What goes on behind the scenes at cycling’s biggest races? We know just the man to ask.
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Reed McCalvin has spent the last eight years working pro cycling’s most underrated job. The 35-year-old has been a soigneur (SWAN-yair) for top pros like Christian Vande Velde, Taylor Phinney, and Levi Leipheimer. That means he’s done everything from packing lunches to programming GPS’s to massaging riders at the world’s biggest races. In other words, he’s witnessed just about every part of every tour in the world. We called him up to see just how romantic the job is, and of course, to see what he had to say about doping.
Reed McCalvin, Michael VinkReed McCalvin pins some numbers for Michael Vink
Reed McCalvin feedbagsLots of feedbags today
Reed McCalvinReed and Taylor talking during warmup
What does soigneur mean?
It’s from a French term. It’s either “to care for” or “caretaker.”
Who are some other non-riding members of the team?
For a race like the Tour de France you have five mechanics, five soigneurs, two sport directors, a PR officer, team chiropractor, team chef, one or two team doctors and then assistants hanging around. Your sponsor coordinator will be there as well. There are nine riders, and you can have 20 staff running around.
What does your job entail?
On race day I get up at 6 a.m. and make sure we have enough bottles for before and after the race. I make sure all the cars are gassed up and that the start of the race, the feed zone, the end, and the hotel are in the GPS for all of the vehicles. I make lunch for everyone. Then I make sure all the boys had breakfast and that everyone is checked in and updating their U.S. Anti-Doping whereabouts forms. I put bottles on their bikes, tell them what the race is like, what the weather is like, and what type of clothing to wear. Then I go to the feed zone, hold up this little bag (two bottles, bars, gels, pastries, stuff to eat), and drive like a maniac to the finish, where I have a recovery shake, their lunch, and towels to clean up with. From there I shoot back to the hotel, do an hour massage for any of the eight riders, drive them to dinner, and take all their laundry. Then I make all the food and bottles for the next day. People will be like, “Oh, yeah, you are in the Pyrenees? It will be awesome.” Yeah, I drove by at 80 miles an hour to a grocery store that was open for four more minutes. I had to pry the door open, run through, scoop stuff into a cart and beg in my terrible French to let me buy the groceries needed for my guy who was gluten intolerant. That’s the job—trying to find gluten-free muesli in the middle of rural France.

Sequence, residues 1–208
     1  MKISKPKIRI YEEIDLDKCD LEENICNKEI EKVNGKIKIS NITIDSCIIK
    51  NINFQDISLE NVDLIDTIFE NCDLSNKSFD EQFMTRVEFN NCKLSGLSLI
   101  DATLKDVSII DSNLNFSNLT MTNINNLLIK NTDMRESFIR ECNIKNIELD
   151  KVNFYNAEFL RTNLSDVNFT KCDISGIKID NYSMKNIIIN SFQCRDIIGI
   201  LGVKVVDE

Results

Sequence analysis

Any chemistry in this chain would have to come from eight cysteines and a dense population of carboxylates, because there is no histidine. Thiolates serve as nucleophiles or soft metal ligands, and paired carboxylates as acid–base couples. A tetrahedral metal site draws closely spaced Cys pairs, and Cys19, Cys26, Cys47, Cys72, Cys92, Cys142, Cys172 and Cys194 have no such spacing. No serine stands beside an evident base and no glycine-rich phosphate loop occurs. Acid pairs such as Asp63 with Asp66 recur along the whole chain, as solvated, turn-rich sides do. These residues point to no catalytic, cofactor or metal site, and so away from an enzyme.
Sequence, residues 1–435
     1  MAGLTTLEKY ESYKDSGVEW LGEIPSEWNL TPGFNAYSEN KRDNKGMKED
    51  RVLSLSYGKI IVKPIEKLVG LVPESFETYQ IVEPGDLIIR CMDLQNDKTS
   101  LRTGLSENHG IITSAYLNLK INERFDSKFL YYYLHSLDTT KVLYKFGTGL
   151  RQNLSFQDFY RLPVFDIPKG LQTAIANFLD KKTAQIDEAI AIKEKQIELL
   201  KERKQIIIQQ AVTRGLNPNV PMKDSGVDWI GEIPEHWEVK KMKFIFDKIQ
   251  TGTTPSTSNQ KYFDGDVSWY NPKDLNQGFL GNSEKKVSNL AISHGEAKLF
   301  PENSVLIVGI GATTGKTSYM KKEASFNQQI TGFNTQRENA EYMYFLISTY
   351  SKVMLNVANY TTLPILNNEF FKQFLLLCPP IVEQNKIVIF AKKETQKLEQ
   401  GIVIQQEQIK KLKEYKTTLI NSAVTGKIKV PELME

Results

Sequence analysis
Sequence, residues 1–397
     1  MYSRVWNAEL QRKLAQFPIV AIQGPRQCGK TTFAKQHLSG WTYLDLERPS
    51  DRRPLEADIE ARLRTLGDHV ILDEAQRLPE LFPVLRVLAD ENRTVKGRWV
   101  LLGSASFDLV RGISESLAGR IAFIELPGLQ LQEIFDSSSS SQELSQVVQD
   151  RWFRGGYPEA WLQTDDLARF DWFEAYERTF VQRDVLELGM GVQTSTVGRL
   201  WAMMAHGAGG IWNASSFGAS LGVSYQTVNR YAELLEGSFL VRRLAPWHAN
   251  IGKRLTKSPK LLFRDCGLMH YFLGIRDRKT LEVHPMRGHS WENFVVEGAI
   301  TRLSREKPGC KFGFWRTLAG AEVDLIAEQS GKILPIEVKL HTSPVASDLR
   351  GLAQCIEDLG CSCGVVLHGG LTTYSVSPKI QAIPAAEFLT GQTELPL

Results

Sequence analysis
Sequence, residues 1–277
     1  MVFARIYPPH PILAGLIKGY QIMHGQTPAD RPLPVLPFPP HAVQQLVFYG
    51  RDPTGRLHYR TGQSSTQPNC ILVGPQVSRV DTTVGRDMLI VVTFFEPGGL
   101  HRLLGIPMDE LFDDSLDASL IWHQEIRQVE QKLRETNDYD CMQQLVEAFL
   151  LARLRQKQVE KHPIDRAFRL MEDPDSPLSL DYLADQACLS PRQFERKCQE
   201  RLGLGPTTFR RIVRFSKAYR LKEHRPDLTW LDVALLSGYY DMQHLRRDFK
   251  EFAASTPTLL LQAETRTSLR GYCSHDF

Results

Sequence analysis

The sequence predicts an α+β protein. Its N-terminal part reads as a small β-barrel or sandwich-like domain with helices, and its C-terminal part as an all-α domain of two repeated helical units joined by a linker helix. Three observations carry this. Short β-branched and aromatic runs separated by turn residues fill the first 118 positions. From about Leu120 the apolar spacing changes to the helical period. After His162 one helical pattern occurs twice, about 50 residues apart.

What training do you have for this position?
Most soigneurs are massage therapists. I’m a bit different, because I’m a physical therapist as well. I’m also an EMT and am a Strength and Conditioning trainer. There are only about five people full-time in the U.S. who do this job.
How do you handle and manage the stress?
I was in the military for some time, and you deal with some pretty fun stuff there. After that, everything has been pretty easy going. Like, you are trapped on the side of a French highway, but no one is shooting at you. So it’s not too bad. Your job is to make the riders lives as easy as possible. If you are stressed, then you are stressing them.
What is the best part of your job?
It is just one big un-politically correct rolling circus that we run. You put a bunch of young, testosterone-laden men together in a closed environment, and it’s frat-boy time. The best part now, because I work with development cyclists [18-22 years old], is preparing these guys for the big leagues. They know I’m there for them and can talk to them about how to become a pro. You have to be realistic with them. And I tell them about financial stuff—what to do, what to invest in. Don’t go buy a BMW convertible with your first contract.
What about doping?
I view it as stealing money from clean athletes. There is a U.S. cyclist who raced domestically and was under investigation by USA cycling. He’s since been banned but basically won or was second in a lot of domestic races. Teams that I worked for have lost to him. By doing that, he cost us tens of thousands of dollars in prize money. I lost money personally and all my coworkers did. And on top of that, if he wasn’t there, then people on my team would have finished higher, which would have helped the sponsorship of the team or might have helped those riders get jobs on bigger and better teams. He literally changed the outcome of people’s lives.